Wichita Police Department Lieutenant Christian Cory is pleased with the strides made by the WPD in reducing incidents of domestic violence.

With funding from several sizable grants, in 2020 the department was able to launch a couple of new initiatives to help close the cycle of domestic violence, by getting the most violent offenders off the street.

“We were Interested in dropping the number of domestic violence cases, simply through arresting offenders,” Cory said. “Getting our really violent people arrested, getting the process started on them, and getting them in the system.”

With the initial funding, in February the department launched a domestic violence pilot program. Prior to that, WPD had a combined domestic violence and sex crime section, consisting of a dozen detectives who worked felony sex crimes, adult sex crimes, and domestic violence cases. With the funding, they were able to build a team that just focused on domestic violence cases.

In September, with additional grant funding in hand, the department assembled a team coined “DIVRT,” an acronym for Domestic Intervention Violence Reduction Team. Comprised of a half dozen men and women, and one supervisor, the DIVRT team handles what is referred to as pickups, which boosts the department’s ability to expedite warrants for felony domestic violence cases.

With the offender still on the street, Victims might still be living in fear, maybe in a shelter, or in a hotel. And they can’t get their life back together because this offender is still on the loose. And that’s why those protection orders are so important, at getting them arrested.

Domestic Violence Priority

In 2020, there were roughly 1,100 domestic violence cases in Wichita, such as aggravated assault, battery and strangulation. “A lot of these are very serious crimes, like strangulations,” said Cory

Addressing domestic violence was a priority of Wichita Police Chief Gordon Ramsay. “This is probably the busiest investigative section in the state, and they wanted to move the needle, so-to-speak.

Since the implementation of DIVRT, the arrests for incidents of felony domestic violence have been up, with the WPD making 97 felony arrests in the final three months of 2020. Cory said the bulk of those pickups would have gone “untouched” had DIVRT not been in place.

“We had a lot of outstanding pickups and felony warrants for our offenders, and that’s what DIVRT started doing,” Cory noted. “They started closing that time from incident to time of arrest. We felt that was really important, so that victims can make decisions about their lives.”

Breaking the Cycle of Violence

Cory added that DIVRT also looks to break the cycle of violence, with what they refer to as an “offender focus program.”

Using their grant funds and evidence-based strategies, the plan to begin to focus more on the offenders as a way to break the cycle of domestic violence.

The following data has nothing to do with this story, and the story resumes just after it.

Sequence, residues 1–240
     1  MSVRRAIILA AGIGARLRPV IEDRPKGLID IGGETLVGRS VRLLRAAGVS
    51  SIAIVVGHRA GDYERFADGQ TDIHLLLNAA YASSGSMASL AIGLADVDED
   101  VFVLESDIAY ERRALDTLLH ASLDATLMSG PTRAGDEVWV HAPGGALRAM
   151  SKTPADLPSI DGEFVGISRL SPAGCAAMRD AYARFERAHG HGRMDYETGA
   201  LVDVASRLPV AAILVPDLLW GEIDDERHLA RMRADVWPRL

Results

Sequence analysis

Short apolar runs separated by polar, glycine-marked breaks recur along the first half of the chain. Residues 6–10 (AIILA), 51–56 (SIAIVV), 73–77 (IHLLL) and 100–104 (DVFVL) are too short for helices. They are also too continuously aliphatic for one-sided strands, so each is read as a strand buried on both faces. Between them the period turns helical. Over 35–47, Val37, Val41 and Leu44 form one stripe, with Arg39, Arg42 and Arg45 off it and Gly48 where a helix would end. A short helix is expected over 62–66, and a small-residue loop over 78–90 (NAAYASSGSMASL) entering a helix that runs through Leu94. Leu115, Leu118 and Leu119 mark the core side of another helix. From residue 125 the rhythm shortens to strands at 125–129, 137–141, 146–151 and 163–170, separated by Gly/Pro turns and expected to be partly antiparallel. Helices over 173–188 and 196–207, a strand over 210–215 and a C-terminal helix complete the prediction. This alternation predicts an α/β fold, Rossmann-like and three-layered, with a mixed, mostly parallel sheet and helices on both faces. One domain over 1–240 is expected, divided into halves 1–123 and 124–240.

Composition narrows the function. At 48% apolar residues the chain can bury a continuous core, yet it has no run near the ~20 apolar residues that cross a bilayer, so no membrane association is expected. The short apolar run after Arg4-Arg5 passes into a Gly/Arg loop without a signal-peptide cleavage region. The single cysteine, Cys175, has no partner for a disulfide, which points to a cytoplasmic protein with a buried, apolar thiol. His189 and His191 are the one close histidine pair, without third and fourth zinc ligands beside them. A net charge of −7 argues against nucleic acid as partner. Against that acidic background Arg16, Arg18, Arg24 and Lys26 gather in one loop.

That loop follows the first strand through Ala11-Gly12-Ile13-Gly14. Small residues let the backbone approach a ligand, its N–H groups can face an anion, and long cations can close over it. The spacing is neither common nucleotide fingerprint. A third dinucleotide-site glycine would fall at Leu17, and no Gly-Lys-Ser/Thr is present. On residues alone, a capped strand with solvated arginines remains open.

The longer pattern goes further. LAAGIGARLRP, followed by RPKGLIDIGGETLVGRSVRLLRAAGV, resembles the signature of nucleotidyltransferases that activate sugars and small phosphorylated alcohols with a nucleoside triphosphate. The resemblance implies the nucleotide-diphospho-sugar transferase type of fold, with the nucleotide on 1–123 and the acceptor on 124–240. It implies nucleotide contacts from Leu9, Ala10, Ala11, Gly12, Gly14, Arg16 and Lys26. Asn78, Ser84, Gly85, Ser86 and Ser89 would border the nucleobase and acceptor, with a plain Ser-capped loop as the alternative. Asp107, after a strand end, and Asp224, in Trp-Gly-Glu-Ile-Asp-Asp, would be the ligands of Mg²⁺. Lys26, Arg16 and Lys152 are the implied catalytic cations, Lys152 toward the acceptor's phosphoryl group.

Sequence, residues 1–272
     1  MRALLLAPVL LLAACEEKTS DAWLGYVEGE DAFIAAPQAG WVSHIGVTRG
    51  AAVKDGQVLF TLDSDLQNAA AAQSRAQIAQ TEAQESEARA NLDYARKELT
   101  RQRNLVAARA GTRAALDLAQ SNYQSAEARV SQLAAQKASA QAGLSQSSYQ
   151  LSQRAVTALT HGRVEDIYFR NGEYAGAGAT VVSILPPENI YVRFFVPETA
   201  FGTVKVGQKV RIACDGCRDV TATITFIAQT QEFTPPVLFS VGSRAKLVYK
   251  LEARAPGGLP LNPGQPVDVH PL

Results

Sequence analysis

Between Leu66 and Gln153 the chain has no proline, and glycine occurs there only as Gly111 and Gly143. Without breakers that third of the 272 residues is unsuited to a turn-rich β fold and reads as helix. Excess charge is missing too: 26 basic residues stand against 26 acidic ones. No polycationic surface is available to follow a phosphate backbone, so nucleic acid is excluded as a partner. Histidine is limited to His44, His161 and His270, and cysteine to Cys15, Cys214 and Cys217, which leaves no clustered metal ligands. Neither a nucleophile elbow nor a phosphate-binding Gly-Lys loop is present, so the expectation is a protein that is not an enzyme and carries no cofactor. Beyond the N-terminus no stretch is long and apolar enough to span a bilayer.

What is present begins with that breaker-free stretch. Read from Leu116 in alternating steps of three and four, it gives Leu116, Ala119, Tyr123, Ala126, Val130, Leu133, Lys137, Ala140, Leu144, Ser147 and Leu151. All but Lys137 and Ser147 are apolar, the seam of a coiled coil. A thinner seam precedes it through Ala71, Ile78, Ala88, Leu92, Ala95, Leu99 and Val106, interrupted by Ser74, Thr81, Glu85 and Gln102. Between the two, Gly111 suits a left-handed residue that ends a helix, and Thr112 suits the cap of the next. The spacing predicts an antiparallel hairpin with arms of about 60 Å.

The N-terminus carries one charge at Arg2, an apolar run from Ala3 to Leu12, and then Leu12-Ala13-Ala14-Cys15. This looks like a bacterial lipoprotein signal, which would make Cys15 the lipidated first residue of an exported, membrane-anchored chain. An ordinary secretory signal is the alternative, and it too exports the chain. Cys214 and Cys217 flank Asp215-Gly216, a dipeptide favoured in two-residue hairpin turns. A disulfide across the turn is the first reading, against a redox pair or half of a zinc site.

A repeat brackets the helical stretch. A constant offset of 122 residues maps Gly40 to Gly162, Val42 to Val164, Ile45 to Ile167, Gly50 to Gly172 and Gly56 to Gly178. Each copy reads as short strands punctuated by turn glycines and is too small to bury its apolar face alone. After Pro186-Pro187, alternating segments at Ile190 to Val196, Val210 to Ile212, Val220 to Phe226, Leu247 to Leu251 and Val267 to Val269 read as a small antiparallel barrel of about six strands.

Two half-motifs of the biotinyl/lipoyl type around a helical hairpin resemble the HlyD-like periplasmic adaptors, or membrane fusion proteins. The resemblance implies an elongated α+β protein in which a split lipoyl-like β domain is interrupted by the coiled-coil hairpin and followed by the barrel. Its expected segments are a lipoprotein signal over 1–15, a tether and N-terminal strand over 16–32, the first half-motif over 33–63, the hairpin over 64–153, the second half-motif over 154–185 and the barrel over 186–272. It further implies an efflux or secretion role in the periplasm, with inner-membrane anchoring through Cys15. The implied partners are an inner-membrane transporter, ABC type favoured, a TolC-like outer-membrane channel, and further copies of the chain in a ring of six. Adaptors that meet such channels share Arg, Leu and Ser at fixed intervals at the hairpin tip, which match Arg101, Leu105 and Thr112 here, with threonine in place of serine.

“We’ll work with our judiciary, work with our local community advocates, and

focus on the offenders as we’re building that program out.”

Violence Growing in Pandemic

Despite the progress noted by Cory, local incidents of violent crimes have increased during the global pandemic.

“The pandemic has posed challenges for us,” Cory said adding that the spikes in domestic violence cases they are seeing have been typically serious in nature — such as strangulation.

“The increase in cases this year was up 13% from last year, and was up 35% over a five-year average. July was our busiest month with felony cases.”

Recently, WPD received a federal Violence Against Women (VAWA) grant.

“That’s going to give us another in-house advocate,” Cory said, adding the focus of this grant will be on protective orders.

Cory said with the VAWA grant, a lethality assessment protocol will be administered, with an advocate asking the victim a series of questions to screen for red flags. The overarching purpose is to determine the degree of potential violence in the relationship they’re in.

“They’ll determine if there are markers for continued violence, or serious-injury and/or death,” Cory said. “They’ll identify the high-risk victims, and prioritize those for both our DIVRT team and our detectives.

Cory said the grant will also help with safety planning for victims.

“It will help with getting (victims) protection orders, and referring them to where they need to go — community-based services,” he said. “There’s long-term transitional housing, emergency shelters, emergency hotlines in our community — groups that offer a ton of services that they would be referred to.”

Cory said it means a lot to him to see how successful the department’s initiatives have been.

“we’re starting to see some (positive) trends in the numbers that are survivor-driven, and justice focused. And that’s kind of what we rely on every day.”

Added Cory: “We want to keep this trend down, help people break that cycle and get out of these bad relationships. Even if this loved one is drug or alcohol-addicted, we want to see them get help, and have them live a productive, healthy life as citizens in our city.”

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